Anne Frank the Writer An Unfinished Story Original Writings

Interviews
Web Links
Share Your Thoughts
Share Your Thoughts

Interviews: Video interviews about the exhibition and Anne Frank's story: with Buddy Elias, Anne's cousin; Sara J. Bloomfield, director of the Museum and exhibition co-curator; and Klaus Müller, co-curator.



Running Time: 20 seconds
Watch this video clip
Buddy Elias, Anne's Closest Living Relative, Describes Anne's Personality

Excerpt
[Interviewer]: "You said Anne was an 'explosion.' What do you mean by that?"
[Elias]: "She was so lively, so happy. She was a happy girl, and a lively girl, and a playful girl. She was very intelligent and very bright. And she always knew what to do. There was never a quiet moment."



Running Time: 44 seconds
Watch this video clip
Buddy Elias Describes Otto Frank's Dedication to Anne's Diary

Excerpt
"Otto Frank always said, 'I have two Annes—one that belongs to me, and one that belongs to the world.' He worked the rest of his life for Anne's diary, and that gave [him] a lot to do because he received thousands and thousands of letters after the diary came out. Mostly from young girls that read it, that identified themselves with Anne, that wanted to know more about Anne. They wrote to Otto and it is said that he answered every single letter. It is said he answered approximately 30,000 letters in the rest of his life."



Running Time: 1 minute, 36 seconds
Watch this video clip
Sara J. Bloomfield Talks About Diaries as Records of History

Excerpt
"There is something endlessly compelling about someone who is, in these cases, a victim and a witness to one of history's great events, leaving a record of the very moment. I mean it's different than if Anne had survived and then written a memoir after the war. This is of the moment that she left this for us, and I think the power and authenticity of that can't quite be matched by other types of memoirs. One hesitates a little bit to call this a genre of victim literature, but I think what is so interesting—particularly in this exhibit and in other things we've done at the Holocaust Museum—is there's an assumption that once victims become part of this whole atmosphere of victimization that there are no more powers of observation, a sense of humor, a sense of hope about future..."



Running Time: 2 minutes, 10 seconds
Watch this video clip
Sara J. Bloomfield Discusses the "Good at Heart" Quote

Excerpt
"That quote, you see everywhere. I mean you see it on posters and t-shirts, and it gives the perception that in spite of it all, this woman had a very rosy view of the world, this teenager. And it would be a far too simplistic way of looking at her and her thoughts. We will be showing in the exhibition a notebook in which that appears; that happens to be the final notebook Anne wrote in. We're going to have translated the whole section that happens to include that quote and we do that because that quote has been taken out of context, and when it is read in the full context—about three paragraphs worth—one realizes that it is part of a quote about a great deal of despair and longing..."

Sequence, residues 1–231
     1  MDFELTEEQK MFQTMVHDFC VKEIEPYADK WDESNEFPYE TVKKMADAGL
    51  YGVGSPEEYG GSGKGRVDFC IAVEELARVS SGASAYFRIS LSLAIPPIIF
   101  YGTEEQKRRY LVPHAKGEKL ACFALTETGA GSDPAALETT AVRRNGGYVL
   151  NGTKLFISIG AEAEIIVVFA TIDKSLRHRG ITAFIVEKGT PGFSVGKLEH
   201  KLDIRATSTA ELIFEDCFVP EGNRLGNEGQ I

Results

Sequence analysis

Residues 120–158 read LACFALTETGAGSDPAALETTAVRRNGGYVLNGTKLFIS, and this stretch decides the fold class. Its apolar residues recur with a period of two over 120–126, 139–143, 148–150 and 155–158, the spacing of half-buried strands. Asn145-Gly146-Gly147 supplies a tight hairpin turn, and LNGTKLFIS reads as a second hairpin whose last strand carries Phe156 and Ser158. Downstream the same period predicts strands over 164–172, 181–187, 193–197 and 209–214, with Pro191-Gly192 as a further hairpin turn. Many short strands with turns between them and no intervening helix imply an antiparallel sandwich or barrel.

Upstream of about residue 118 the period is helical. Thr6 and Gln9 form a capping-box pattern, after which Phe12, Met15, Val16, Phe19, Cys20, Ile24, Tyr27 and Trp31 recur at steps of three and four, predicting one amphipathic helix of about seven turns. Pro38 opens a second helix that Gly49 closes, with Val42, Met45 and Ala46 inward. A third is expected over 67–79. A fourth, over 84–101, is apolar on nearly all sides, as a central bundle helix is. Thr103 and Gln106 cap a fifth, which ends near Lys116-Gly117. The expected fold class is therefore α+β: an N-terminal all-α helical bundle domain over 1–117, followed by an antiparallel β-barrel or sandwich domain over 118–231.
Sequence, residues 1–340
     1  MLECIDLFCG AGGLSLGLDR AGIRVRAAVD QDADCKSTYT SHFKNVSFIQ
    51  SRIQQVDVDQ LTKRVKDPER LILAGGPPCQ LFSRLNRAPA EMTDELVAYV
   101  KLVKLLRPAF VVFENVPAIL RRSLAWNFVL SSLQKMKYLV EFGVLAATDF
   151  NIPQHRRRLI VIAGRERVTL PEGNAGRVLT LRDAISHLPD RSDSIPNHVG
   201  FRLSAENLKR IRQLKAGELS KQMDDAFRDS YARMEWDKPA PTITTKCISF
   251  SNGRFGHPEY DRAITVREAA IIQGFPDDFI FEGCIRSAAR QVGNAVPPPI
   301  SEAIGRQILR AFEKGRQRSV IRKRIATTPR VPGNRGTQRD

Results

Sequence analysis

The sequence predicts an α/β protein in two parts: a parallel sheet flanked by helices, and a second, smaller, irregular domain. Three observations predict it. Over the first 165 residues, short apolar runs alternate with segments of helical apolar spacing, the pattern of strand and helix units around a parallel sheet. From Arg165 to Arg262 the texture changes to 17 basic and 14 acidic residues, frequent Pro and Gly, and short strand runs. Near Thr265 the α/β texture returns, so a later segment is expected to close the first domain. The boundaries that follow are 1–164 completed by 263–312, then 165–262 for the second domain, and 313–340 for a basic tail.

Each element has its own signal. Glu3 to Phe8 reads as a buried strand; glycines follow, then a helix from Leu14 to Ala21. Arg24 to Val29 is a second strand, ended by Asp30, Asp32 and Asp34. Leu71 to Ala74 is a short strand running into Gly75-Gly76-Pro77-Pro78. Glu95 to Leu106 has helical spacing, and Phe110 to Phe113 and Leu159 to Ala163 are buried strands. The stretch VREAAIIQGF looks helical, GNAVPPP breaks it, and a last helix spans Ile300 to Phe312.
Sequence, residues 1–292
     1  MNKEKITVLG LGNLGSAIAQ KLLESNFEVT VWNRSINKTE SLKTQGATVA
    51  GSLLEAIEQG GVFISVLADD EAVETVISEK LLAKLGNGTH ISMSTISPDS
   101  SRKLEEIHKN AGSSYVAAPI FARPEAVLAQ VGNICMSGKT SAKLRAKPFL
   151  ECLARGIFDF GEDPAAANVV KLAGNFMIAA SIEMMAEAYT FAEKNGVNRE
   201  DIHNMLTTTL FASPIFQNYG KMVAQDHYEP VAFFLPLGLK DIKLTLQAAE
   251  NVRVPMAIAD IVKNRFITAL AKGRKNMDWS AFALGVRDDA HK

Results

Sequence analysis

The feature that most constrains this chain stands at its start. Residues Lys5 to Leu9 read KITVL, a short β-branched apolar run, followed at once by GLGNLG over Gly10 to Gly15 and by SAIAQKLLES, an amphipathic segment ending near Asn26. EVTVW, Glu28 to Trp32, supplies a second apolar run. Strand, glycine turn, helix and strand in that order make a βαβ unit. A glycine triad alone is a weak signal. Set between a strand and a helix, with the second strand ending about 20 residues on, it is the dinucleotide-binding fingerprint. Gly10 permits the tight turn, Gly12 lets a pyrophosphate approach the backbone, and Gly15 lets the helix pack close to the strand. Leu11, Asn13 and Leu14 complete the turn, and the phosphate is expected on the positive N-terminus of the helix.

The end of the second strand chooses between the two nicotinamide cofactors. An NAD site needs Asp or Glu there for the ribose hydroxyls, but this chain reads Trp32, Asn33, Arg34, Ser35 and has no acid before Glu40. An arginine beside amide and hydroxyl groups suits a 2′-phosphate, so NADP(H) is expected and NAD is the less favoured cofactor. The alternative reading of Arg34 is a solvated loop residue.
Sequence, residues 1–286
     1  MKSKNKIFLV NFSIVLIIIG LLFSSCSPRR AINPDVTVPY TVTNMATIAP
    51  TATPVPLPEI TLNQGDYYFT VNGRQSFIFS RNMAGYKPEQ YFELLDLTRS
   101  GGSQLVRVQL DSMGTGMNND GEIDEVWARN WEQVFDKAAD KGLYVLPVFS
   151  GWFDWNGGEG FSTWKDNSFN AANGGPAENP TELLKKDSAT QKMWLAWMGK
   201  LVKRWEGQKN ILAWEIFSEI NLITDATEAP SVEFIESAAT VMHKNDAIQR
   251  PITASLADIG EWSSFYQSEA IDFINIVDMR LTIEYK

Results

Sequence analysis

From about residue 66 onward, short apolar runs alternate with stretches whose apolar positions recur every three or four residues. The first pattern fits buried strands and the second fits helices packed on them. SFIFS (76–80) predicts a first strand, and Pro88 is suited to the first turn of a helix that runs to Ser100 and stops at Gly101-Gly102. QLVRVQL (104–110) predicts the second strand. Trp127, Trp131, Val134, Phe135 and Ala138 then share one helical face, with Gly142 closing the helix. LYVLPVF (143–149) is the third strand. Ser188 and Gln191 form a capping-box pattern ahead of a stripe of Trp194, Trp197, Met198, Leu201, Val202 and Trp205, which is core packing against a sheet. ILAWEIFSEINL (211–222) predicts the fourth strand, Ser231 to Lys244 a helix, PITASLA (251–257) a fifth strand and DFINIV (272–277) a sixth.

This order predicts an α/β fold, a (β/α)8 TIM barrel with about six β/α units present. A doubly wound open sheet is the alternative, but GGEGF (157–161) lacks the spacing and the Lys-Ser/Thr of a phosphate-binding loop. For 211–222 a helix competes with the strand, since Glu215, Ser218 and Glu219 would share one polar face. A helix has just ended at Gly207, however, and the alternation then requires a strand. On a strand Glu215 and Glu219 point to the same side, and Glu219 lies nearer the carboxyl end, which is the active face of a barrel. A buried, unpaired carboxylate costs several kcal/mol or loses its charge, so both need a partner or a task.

Running Time: 8 minutes
Watch this video clip
Sara J. Bloomfield Describes the Writings and the Exhibition

Excerpt
"It's interesting because we would not have thought to do something on Anne Frank, because she is so well known and her diary is so widely read. There's so much out there in contemporary culture about Anne Frank, and we really see our job as to do things that no one else is doing, to do things that are unique to the national institution of Holocaust remembrance. But it was our 10th anniversary year. Two of our curators working on one of our 10th anniversary exhibits devoted to hidden children—they were of course thinking about hidden children in general and who's the most famous hidden child? Anne Frank...."



Running Time: 1 minute, 11 seconds
Watch this video clip
Co-curator Klaus Müller Describes Spirituality in Anne's Writings and the Exhibition

Excerpt
"What did strike me... there are certain passages I find very spiritual. The way that she discovers nature, while there is no nature around her anymore in the Annex. That she thinks about the sky, the clouds, the birds, the chestnut tree, has a spirituality that I find very important, especially in these times. And for me also in a way, to bring all of her pen children together in one space creates a spiritual space. It means something that for the first time all of these writings are together in one space and are given this value they deserve. So in a way it leaves me with a deep satisfaction to be able to have worked on this and having been so close to her, because somehow you feel you're close to her when you look at her writings. So I find it very intimate. It's difficult to translate. It's an intimate but also spiritual experience."

United States Holocaust Memorial Museum

Thank you for visiting the United States Holocaust Memorial Museum website.
Please take 5-10 minutes to answer a few short questions about your experience using the website today.

TAKE SURVEY
(Survey opens in new window)